Lee Robinson's career advice: My golden rule to success is being helpful

Lee Robinson
Jan Tomes
4 min

Developer, writer, creator, says the headline of Lee’s site, a front-end developer with 10k YouTube subscribers and 5k newsletter followers. Today an internationally recognized speaker and author of extensive courses on React and Next.js, he says he owes his success to sharing what he was learning online. "The best time to start with content creation was yesterday!" he exclaims. 



What led you to software engineering?

I've always enjoyed creative work, especially building things from scratch. I have roots in design and photography, which ultimately led to a perfect match for front-end development. And how did I go from a designer to a developer? I wrote an extensive post about my journey on my blog. 

What is the most impactful thing you ever did to boost your career?

Hands down, writing online. Sharing what I was learning online led to new connections and opportunities I couldn't have imagined. It's helped me generate passive income, land new jobs, and make some great friends. The best time to start was yesterday! And if you need a tip or two on how to kickstart your content creation, I wrote a short article that will help you make heads and tails of the whole process.

What would be your three tips for engineers to level up their career?

First, leave the code in a better place than you found it. 

Second, work on improving your written and verbal communication. 

And third, write documentation. You'll be the developer everyone loves. 



What are you working on right now?

I'm entirely focused on leading developer relations at Vercel and Next.js but have been entertaining making another programming course as a side project. I'm also considering rebuilding my personal site — for the 10th time!

Do you have some rituals that keep you focused and goal-oriented?

I try to stay active, get plenty of sleep, and focus on long-term goals. It's easy to get caught up in the day-to-day, so I frequently try to think about what I want to achieve in the long run. If I'm not making progress towards a better future, then it's time to change something. As for staying focused, it's incredibly important I'm working on something I truly believe in. Otherwise, I would likely get bored very quickly. I'm bullish on Next.js, Vercel, and our mission of building a better web.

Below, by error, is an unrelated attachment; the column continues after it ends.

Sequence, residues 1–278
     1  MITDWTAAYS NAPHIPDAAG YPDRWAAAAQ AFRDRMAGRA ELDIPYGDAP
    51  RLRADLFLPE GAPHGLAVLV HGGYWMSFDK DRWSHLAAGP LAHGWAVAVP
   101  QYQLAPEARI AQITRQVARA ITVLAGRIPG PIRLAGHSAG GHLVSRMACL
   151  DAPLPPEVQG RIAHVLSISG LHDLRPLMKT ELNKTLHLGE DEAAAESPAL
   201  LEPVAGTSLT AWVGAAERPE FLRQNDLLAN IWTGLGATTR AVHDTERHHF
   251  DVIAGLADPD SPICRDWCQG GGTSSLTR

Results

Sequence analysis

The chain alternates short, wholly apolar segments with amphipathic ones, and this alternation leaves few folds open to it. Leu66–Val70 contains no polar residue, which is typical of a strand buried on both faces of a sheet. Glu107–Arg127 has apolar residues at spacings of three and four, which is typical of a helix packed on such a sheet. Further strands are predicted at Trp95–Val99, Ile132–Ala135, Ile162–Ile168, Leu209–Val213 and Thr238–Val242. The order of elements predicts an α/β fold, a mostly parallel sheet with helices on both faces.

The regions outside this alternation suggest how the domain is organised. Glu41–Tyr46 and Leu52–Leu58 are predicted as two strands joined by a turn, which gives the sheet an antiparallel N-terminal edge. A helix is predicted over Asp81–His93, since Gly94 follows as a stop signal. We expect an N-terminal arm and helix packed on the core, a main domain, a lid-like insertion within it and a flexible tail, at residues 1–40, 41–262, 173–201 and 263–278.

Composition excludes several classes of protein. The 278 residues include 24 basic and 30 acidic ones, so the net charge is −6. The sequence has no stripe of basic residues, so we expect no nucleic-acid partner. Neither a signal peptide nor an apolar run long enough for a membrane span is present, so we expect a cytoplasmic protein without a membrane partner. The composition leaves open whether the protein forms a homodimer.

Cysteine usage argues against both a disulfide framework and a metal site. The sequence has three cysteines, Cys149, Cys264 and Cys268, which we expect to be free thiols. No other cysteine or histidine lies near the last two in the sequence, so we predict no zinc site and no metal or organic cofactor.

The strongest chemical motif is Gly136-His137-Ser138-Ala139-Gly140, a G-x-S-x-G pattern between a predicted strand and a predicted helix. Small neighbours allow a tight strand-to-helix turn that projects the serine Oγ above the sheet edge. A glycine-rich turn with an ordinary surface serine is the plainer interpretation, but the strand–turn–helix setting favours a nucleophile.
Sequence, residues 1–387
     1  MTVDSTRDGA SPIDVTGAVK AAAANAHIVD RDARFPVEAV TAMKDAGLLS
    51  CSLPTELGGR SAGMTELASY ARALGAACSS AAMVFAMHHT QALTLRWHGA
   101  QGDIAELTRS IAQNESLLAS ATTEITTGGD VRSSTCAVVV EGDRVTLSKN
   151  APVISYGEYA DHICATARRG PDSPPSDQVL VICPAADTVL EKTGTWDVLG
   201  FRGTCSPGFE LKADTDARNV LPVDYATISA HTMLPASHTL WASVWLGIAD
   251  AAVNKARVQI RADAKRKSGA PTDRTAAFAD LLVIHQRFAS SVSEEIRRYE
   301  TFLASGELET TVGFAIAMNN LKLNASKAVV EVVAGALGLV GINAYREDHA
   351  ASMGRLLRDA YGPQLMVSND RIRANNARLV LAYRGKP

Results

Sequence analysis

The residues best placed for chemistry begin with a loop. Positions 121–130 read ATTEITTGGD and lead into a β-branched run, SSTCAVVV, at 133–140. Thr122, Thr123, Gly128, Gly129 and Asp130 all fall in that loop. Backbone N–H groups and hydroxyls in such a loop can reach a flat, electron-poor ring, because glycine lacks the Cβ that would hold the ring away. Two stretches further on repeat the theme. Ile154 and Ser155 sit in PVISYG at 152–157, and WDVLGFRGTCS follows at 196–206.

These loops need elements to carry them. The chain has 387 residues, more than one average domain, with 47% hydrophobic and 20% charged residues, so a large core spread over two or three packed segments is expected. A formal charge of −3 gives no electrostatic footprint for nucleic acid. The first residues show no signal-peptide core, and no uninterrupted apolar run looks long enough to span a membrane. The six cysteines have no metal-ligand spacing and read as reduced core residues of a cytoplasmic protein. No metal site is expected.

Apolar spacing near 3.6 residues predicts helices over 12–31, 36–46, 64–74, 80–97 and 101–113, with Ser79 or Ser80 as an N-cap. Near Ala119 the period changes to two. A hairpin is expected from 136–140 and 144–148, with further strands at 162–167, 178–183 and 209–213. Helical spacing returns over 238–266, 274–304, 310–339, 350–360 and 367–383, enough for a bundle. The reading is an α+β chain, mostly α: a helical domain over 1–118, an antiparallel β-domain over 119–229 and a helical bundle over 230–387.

Apart from your job, you also maintain a very successful content platform. Why did you start, and how did you grow it to 80k blog post views, 10k YouTube subscribers, and 5k newsletter followers?

My golden rule is being helpful online. At the end of the day, if I'm consistently helping people in a positive way, all the metrics will go up and to the right over time. I started writing online about seven years ago and haven't looked back since.




You also launched two learning projects: React 2025 and Mastering Next.js. Can you tell us more about them and why you decided to provide them for free?

I didn't set out to create programming courses but ultimately ended up creating the resources I wished I had earlier in my career. Most of my content creation was solving problems that "past Lee" faced. For Next.js specifically, when I started creating content, it was still relatively new and hadn't reached critical adoption. I believe that helped with the growth of my courses and audience. After some time, I ended up making both free for everyone. Money wasn't the main incentive for me, but rather helping other people — and past Lee.

Are you working on a new personal project at the moment?

Not now. But I'm leading a team of content creators at Vercel, so there's a lot in the works here now! My team is made up of some wonderful people, and this has been an exciting transition in my career.

What open-source projects would you recommend keeping an eye on or contributing to?

I've been very interested in Rust lately, with Next.js investing more into using Rust (through SWC) to optimize compiling and bundling. Check out SWC and expect more educational material on Rust in the future from our team.


What pieces of your work are you most proud of?

I'm most proud of the students who have taken my courses and ultimately landed jobs or created their own products. It's very fulfilling for me and the reason I love being a content creator.

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Lee Robinson
Jan Tomes
4 min

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